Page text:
One of the early researchers of MMORPG was Edward Castronova, who demonstrated that a supply-and-demand market exists for virtual items and that it crosses over with the real world. This crossover has some requirements of the game:
- The ability for players to sell an item to each other for in-game (virtual) currency.
- Bartering for items between players for items of similar value.
- The purchase of in-game items for real-world currency.
- Exchanges of real-world currencies for virtual currencies.
The idea of attaching real-world value to “virtual” items has had a profound effect on players and the game industry, and even the courts. Castronova’s first study in 2002 found that a highly liquid (if illegal) currency market existed, with the value of the in-game currency exceeding that of the Japanese yen. Some people even make a living by working these virtual economies; these people are often referred to as gold farmers.
Game publishers usually prohibit the exchange of real-world money for virtual goods. However, a number of products actively promote the idea of linking (and directly profiting from) an exchange. Some players of Second Life have generated revenues in excess of $100,000.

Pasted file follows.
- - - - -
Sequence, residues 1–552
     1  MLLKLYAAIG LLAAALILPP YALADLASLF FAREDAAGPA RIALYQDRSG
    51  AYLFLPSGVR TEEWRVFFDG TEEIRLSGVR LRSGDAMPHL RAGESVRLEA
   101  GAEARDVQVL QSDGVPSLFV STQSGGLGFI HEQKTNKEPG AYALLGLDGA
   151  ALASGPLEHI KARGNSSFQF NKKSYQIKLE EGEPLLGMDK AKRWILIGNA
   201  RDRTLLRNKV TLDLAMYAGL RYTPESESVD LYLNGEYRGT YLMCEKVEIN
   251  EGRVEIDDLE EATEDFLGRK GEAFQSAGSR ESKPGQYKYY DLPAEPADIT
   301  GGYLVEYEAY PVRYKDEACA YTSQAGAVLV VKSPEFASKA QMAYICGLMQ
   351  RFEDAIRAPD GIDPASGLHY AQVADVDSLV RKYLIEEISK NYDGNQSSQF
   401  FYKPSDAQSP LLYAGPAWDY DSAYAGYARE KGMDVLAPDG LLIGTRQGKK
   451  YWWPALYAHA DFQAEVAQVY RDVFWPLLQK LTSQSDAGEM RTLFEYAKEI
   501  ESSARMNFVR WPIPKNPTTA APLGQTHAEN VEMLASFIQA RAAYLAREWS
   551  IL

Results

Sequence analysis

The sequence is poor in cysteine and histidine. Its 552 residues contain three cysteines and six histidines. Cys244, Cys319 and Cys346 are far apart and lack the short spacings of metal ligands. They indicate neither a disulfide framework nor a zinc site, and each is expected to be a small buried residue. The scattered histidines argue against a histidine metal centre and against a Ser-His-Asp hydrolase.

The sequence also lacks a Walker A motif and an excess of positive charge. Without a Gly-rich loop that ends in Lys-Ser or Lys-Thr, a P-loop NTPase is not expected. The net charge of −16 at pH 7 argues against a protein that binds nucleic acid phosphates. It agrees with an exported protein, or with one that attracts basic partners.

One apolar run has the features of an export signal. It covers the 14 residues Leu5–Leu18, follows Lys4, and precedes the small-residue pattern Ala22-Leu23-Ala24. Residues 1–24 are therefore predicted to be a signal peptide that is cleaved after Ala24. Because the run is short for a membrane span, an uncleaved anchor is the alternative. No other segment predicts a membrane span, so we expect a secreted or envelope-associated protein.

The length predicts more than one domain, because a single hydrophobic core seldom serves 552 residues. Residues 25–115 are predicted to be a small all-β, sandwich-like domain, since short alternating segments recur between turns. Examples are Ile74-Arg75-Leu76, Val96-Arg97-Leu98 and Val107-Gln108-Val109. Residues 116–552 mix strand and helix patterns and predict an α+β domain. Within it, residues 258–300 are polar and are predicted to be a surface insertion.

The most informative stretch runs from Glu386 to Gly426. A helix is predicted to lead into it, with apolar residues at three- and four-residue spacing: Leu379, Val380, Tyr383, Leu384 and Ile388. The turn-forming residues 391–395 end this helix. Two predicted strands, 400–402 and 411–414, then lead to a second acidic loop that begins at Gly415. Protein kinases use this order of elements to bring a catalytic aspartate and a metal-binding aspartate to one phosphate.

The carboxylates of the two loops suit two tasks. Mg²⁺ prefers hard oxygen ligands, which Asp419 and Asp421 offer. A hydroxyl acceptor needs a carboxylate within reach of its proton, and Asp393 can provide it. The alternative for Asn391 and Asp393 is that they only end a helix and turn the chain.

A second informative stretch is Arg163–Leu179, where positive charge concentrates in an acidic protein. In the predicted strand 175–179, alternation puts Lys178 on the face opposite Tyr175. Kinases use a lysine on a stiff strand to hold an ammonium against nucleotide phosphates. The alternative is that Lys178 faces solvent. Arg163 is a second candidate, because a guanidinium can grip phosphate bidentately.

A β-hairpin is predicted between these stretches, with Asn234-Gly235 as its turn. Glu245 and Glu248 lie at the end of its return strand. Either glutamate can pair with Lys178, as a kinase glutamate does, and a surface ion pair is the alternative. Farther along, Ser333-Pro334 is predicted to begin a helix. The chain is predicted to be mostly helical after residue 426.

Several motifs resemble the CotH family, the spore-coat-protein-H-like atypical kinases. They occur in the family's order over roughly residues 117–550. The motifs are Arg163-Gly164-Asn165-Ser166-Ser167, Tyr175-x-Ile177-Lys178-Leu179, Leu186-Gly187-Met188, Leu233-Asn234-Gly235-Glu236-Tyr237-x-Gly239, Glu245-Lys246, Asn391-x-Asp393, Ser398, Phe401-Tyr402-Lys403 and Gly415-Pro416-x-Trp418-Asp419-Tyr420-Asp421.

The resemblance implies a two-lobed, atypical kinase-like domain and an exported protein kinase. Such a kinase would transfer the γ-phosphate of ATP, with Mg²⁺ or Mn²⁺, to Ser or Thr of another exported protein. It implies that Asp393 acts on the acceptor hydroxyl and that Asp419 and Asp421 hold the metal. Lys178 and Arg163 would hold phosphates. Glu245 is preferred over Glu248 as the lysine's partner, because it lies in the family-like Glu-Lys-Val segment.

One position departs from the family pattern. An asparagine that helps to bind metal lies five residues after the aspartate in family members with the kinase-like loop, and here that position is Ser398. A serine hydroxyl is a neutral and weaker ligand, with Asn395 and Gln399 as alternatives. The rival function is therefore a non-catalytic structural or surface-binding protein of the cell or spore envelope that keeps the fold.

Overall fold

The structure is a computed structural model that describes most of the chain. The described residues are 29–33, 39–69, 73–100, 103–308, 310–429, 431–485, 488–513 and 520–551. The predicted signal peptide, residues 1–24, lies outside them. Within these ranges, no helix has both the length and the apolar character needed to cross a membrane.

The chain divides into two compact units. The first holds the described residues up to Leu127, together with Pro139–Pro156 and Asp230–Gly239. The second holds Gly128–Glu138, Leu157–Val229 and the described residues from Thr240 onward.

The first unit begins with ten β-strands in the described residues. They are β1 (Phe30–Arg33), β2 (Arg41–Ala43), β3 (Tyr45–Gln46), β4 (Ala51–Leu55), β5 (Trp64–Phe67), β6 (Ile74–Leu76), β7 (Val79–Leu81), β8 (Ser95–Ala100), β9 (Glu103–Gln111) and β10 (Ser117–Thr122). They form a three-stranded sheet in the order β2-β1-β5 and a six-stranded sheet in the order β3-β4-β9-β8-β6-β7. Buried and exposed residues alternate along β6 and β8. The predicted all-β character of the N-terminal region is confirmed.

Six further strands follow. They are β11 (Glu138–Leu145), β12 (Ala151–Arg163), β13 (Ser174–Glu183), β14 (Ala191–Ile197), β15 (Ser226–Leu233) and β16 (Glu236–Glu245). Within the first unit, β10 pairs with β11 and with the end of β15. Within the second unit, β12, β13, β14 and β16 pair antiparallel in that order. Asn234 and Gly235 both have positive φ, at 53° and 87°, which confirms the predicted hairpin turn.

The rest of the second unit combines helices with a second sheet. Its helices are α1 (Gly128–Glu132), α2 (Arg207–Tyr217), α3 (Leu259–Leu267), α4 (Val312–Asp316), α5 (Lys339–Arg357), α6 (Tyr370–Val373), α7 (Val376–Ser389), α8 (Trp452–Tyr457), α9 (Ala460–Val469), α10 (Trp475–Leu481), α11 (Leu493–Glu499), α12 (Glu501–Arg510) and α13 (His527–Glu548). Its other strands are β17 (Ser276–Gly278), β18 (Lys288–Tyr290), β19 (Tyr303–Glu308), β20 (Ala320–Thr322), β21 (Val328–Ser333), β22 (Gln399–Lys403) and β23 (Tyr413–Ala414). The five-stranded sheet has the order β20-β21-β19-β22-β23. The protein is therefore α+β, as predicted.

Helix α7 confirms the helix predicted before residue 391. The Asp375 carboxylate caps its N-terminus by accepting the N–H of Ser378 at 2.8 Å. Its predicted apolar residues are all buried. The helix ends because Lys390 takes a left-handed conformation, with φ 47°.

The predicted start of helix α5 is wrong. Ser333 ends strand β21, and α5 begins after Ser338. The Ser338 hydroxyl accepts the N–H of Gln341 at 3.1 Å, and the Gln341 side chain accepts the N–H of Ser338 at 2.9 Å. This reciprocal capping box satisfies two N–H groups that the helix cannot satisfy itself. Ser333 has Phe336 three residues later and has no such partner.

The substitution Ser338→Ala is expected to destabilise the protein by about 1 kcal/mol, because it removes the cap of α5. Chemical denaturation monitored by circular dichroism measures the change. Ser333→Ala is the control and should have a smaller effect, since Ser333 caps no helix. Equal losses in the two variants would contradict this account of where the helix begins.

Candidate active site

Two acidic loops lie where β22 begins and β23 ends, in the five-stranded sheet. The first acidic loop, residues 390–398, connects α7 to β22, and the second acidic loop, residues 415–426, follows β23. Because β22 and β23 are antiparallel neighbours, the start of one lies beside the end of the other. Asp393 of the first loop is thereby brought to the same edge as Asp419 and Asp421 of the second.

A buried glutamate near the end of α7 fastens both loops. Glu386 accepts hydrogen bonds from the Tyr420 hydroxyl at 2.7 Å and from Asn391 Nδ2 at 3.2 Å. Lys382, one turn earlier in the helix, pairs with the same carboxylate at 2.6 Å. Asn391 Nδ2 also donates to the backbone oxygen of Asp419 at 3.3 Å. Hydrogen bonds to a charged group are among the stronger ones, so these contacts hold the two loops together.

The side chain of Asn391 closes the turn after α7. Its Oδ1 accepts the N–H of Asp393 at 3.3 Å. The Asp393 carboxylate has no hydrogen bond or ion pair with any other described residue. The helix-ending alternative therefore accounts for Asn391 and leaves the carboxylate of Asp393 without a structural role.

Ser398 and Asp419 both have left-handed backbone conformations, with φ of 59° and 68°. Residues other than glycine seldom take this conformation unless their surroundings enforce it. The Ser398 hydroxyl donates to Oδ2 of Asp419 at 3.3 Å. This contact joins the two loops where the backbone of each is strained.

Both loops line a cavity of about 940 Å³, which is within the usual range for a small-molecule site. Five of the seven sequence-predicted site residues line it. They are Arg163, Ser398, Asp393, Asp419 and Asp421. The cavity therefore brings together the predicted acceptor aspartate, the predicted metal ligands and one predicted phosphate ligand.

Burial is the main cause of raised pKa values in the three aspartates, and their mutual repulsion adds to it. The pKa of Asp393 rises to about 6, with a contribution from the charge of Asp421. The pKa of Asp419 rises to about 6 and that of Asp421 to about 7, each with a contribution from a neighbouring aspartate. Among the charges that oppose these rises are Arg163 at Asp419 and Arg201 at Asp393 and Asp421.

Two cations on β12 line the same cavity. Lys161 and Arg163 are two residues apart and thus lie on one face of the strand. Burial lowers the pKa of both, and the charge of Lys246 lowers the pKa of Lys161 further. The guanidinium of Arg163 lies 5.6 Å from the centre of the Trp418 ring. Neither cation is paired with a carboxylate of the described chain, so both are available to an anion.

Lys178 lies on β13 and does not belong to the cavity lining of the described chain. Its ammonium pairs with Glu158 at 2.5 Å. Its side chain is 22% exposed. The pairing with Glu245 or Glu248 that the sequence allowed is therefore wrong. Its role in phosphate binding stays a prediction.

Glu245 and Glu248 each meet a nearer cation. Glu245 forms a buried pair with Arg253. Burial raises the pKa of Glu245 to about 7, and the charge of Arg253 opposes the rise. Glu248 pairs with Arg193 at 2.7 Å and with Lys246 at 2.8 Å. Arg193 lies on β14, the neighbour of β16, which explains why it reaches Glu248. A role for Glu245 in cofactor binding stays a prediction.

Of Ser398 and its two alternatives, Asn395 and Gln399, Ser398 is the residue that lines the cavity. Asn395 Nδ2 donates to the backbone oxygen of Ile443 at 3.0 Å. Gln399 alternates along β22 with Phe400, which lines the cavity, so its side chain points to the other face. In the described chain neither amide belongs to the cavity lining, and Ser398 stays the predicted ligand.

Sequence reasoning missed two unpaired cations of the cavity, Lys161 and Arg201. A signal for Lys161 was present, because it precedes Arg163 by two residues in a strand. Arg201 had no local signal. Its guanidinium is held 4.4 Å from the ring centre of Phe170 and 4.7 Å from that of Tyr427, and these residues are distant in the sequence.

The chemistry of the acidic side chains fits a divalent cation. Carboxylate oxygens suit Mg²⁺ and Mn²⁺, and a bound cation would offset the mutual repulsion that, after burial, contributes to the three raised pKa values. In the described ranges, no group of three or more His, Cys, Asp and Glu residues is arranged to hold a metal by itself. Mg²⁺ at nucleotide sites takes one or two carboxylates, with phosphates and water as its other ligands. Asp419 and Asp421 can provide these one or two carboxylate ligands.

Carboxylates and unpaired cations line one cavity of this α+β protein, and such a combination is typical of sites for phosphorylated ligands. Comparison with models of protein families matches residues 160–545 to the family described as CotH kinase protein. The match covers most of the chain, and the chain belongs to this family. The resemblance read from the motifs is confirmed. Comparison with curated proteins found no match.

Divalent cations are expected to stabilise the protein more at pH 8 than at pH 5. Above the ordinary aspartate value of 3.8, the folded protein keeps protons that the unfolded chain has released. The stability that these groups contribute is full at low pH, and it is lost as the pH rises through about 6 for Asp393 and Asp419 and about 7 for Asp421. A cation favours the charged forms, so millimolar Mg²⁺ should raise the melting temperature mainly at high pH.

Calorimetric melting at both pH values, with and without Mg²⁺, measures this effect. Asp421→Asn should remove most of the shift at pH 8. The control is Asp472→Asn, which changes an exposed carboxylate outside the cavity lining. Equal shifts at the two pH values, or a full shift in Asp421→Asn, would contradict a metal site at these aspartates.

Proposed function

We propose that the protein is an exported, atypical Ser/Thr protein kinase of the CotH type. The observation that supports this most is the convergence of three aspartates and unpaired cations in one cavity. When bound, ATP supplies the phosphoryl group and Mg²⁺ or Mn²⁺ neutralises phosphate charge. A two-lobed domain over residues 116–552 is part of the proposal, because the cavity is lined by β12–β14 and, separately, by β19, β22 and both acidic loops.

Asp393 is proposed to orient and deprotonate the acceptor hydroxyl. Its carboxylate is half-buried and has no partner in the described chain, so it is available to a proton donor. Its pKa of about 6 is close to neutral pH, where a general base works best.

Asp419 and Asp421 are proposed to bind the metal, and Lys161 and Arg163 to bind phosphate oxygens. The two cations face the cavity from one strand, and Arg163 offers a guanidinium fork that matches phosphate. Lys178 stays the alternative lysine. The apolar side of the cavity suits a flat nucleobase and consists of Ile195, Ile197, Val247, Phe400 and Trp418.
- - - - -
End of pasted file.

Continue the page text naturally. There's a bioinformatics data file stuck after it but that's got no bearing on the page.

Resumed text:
However, in the case of Entropia Universe, the virtual economy and the real-world economy are directly linked. This means that real money can be deposited for game money and vise versa. Real-world items has also been sold for game money in Entropia.
Some of the issues confronting online economies include:
- The use of “bots” or automated programs, that assist some players in accumulating in-game wealth to the disadvantage of other players.
- The use of unsanctioned auction sites, which has led publishers to seek legal remedies to prevent their use based on intellectual-property claims.
- The emergence of virtual crime, which can take the form of both fraud against the player or publisher of an online, and even real-life acts of violence stemming from in-game transactions.
One reaction to the virtual economies has been the phenomena of “private servers,” which are servers operated by individuals and groups who have reverse-engineered commercial MMORPG products. Anyone who sets up their own private server has complete control over the virtual world existing on that server. Typically, these servers operate in violation of publisher’s end-user license agreements. In November 2006, NCSoft and the Federal Bureau of Investigation shutdown a prominent private Lineage II server that had claimed 50,000 active users.